An interesting and unusual start to the day this morning: I think I got caught up in some sort of public/performance art installation.
I entered the gents' at Sheffield Railway Station and everything seemed to be as I'd expect it to be; however, a few minutes later, when I came out of the cubicle, sheets of paper had been placed in two of the sinks.
(The hand-written message reads, 'In the name of love before you break my heart.' - the main chorus from a famous Diana Ross and the Supremes song.)
I lingered at the railway station, reading a newspaper and eating some of my sandwiches, so when I arrived at the bus station it was only a few minutes until the bus was scheduled to depart. It was already nearly full and just about the only empty seat was one of the fold-down sidewards-facing seats at the front...they're not very wide. There was a vacant seat next to me...although several inches of it were actually being used by me.
I was expecting this to be a problem; and I wasn't wrong. A few stops into the journey as the bus was travelling along Eccleshall Road someone boarded and was determined to sit next to me; I squeezed up as much as I could, making myself as small as possible, crossing my legs and balancing my rucksack on the top of my shoulders. There still really wasn't enough room; I briefly considered standing up, but all of a sudden the other passenger reached over and slammed down the seat. It took him several attempts to get it fully down, each time removing a layer of my skin and sending pain searing all the way down my leg....not a good start to the walk.
Feeling quite sore and lame I got off the bus at Fox House and walked down through the woods to Longshaw Estate. The mist swirling around the trees was quite pretty.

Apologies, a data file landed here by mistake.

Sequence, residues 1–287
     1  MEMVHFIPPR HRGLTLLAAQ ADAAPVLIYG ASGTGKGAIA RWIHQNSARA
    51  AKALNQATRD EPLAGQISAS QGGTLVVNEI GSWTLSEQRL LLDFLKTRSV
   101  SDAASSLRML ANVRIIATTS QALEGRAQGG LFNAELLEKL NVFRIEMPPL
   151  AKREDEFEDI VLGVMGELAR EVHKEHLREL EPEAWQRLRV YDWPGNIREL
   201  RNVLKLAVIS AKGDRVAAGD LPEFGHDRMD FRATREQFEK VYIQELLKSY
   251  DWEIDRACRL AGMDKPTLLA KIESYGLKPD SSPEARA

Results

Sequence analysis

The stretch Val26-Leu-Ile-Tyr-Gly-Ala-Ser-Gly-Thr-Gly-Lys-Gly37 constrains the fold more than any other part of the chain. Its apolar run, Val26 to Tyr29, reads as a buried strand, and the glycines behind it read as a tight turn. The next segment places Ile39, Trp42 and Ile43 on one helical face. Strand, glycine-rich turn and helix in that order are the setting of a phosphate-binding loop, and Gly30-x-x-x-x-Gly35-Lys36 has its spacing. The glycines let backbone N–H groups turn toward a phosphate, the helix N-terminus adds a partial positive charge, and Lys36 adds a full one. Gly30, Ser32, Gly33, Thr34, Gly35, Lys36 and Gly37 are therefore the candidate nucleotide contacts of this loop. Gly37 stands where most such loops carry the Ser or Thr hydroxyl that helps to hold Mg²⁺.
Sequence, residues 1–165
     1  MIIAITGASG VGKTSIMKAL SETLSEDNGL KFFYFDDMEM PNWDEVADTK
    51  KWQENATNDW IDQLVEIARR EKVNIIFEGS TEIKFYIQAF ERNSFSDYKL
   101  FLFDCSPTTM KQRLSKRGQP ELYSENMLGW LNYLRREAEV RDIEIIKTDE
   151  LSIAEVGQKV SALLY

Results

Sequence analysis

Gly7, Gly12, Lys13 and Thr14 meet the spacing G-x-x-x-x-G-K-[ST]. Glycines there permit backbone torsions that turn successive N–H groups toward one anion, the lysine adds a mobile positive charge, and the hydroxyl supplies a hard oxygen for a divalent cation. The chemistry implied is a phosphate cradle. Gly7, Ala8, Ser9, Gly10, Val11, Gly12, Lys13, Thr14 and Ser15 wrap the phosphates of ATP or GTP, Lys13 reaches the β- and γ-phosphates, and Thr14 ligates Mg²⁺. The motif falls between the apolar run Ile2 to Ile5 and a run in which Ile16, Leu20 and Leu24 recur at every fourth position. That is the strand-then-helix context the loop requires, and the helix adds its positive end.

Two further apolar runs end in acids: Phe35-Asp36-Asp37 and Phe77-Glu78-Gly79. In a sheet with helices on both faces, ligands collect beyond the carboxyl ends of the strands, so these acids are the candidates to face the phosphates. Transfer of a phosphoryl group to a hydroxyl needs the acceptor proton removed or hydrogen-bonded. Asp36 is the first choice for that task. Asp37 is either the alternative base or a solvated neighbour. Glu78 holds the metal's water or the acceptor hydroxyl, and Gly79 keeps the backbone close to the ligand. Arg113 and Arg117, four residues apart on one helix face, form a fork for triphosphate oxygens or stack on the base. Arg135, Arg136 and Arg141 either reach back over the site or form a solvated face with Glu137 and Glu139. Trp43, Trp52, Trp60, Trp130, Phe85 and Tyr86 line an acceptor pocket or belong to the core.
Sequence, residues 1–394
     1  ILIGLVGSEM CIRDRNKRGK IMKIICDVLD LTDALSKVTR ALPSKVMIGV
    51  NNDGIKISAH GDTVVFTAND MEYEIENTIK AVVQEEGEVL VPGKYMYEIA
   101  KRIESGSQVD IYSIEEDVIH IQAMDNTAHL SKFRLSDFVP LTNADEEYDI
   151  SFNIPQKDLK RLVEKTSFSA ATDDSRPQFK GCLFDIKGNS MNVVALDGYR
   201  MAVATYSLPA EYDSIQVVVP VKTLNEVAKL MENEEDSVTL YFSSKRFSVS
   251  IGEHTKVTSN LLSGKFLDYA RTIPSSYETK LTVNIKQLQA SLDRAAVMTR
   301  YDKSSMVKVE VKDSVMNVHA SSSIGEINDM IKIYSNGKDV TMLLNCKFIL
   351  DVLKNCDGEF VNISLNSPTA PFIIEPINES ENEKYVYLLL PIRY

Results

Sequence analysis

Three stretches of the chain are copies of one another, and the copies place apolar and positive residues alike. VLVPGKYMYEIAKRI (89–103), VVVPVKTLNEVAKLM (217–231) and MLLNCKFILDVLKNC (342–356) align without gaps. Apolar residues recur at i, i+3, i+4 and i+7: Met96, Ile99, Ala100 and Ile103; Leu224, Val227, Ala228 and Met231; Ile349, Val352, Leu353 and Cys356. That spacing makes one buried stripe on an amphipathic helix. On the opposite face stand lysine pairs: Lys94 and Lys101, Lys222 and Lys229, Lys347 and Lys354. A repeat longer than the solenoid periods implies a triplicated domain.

Today I deliberately visited parts of the estate I don't remember seeing before; I certainly didn't realise that boggarts live there - I didn't see any though.
There was plenty of interesting fungi to photograph too.
I explored some more of the estate and then reached the road above Grindleford. I continued down the hill and took the path which leads off just before the bridge over the River Derwent. Like the majority of the rest of the walk I was walking on level ground at the bottom of the valley all the way to Baslow. The only section which involved me gaining, and then losing altitude was near Calver when I climbed up and over a hill that I think might be called Hare Knoll. On a clear day there are lovely views of Froggatt Edge here, but not today; I could barely see it in the distance. What I could see though, and it certainly caught my attention, was a ruined barn; from the angle I was approaching it, part of the timbers looked like a guillotine that might have been used during the French Revolution. The photograph is black and white to heighten some of the detail.
When I reached Baslow I noticed that my trousers were especially muddy. I feared I might not be allowed on the bus and so stopped at one of the seats in front of the church to put my over-trousers on; this was difficult without taking off my boots. It won't be difficult the next time though because I've already cut some slits into the bottom of the legs to make it a lot easier.
The bus journey back to Sheffield from Baslow was totally uneventful.